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Any good business contingency plan tries to think about the unthinkable and make plans for how the organization should react.
These contingency plans are being tested with the spread of the COVID-19 virus. In this issue of TechTips, I am providing a list of information resources you might find helpful as you make plans for transitioning to a virtual and work at home environment, at least for the next few weeks.
Some of these resources you have most likely encountered by other organizations. I include them here to make sure you have access to the information. This list is not comprehensive. Use it as a starting point and add to other information you’re gathering.
Work from Home Resources
The Agents Council for Technology has created a website page with information and resources about the Coronavirus.
[Updated] – Ron Berg, Executive Director at ACT, let me know that they have added an updated version (in cooperation with Sharon Emek and WAHVE) of the Remote Work Best Practices Guide. This guide is comprehensive and provides solid guidance for those being compelled to move to a remote workforce.
Many software vendors are providing free or enhanced access to their platforms to better support work at home and remote worker options. TechSmith, creators of Snagit, is one example.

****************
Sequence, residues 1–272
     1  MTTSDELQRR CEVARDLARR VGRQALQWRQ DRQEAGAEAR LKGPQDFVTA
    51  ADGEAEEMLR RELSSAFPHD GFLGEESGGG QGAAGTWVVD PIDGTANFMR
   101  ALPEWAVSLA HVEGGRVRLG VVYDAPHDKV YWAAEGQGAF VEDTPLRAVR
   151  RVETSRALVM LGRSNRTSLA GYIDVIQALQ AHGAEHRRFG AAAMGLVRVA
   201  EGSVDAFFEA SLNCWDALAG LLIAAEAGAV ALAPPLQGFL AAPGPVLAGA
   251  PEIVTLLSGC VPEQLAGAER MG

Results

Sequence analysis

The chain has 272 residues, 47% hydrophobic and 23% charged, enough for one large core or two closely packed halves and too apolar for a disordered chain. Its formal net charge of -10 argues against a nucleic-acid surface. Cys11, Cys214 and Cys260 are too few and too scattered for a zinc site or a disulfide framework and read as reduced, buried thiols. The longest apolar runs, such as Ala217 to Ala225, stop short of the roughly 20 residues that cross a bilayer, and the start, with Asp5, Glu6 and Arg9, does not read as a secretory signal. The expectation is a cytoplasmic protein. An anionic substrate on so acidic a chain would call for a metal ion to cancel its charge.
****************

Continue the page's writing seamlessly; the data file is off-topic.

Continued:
As a reminder, my TechTips from last week provided some suggestions on how to protect yourself from Coronavirus Scams.
A couple of other TechTips you might find helpful include:
Some other resources that might help:
Wall Street Journal – Working From Home Because of Coronavirus? There Are Your Tech Fixes
If you have people working remotely, you will want to work hard to stay in touch. Utilizing video conferencing is a great way to do that. There are many meeting and video sharing platforms available to you. A well-known platform includes GoToMeeting.
I use Zoom as my video conference platform. A free version of the Zoom meeting platform is available. This free version is limited to 40 minutes for group meetings. It allows unlimited one-to-one meetings. Plans with additional time and participants start at $15 per month per host.
[Updated] Regulatory Compliance
If you are contemplating moving service staff to remote access, double-check to make sure your state allows staff to work from home. For example, in Florida, a person with a 4-40 license (service staff) cannot “transact insurance” outside of the office. The Florida Association of Insurance Agents (FAIA) has detailed information on this limitation. I do not know how other states might handle a similar situation. Check with your state association to make sure.
Stay Calm and Carry On
I don’t know what’s going to happen in the next few months. I do know that as an industry and as a country, we have faced many challenges in the past. And, we have successfully navigated those challenges. So stay calm and carry on. Your clients need you.
What tools are you using to support remote employees and engage with your clients?